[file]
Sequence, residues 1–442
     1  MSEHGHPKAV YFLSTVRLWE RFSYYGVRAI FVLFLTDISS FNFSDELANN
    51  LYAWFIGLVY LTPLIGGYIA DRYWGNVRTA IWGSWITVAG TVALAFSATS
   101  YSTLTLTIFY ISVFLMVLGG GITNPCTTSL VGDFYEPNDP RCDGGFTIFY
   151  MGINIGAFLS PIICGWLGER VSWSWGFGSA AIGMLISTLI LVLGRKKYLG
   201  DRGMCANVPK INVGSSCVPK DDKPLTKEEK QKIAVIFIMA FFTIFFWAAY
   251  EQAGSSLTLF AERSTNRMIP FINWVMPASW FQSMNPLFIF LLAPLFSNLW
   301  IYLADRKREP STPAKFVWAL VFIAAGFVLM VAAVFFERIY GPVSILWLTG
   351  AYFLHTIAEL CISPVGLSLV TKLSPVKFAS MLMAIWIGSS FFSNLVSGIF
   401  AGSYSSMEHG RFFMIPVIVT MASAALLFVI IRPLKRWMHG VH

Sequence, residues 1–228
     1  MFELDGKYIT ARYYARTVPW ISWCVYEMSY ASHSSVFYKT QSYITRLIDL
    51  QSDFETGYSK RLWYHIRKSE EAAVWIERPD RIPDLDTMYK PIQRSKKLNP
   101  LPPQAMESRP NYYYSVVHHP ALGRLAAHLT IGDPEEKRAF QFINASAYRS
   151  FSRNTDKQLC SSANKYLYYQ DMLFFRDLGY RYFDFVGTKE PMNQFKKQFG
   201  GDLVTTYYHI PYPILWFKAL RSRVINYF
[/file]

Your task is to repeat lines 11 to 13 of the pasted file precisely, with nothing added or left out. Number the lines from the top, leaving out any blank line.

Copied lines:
Sequence, residues 1–228
     1  MFELDGKYIT ARYYARTVPW ISWCVYEMSY ASHSSVFYKT QSYITRLIDL
    51  QSDFETGYSK RLWYHIRKSE EAAVWIERPD RIPDLDTMYK PIQRSKKLNP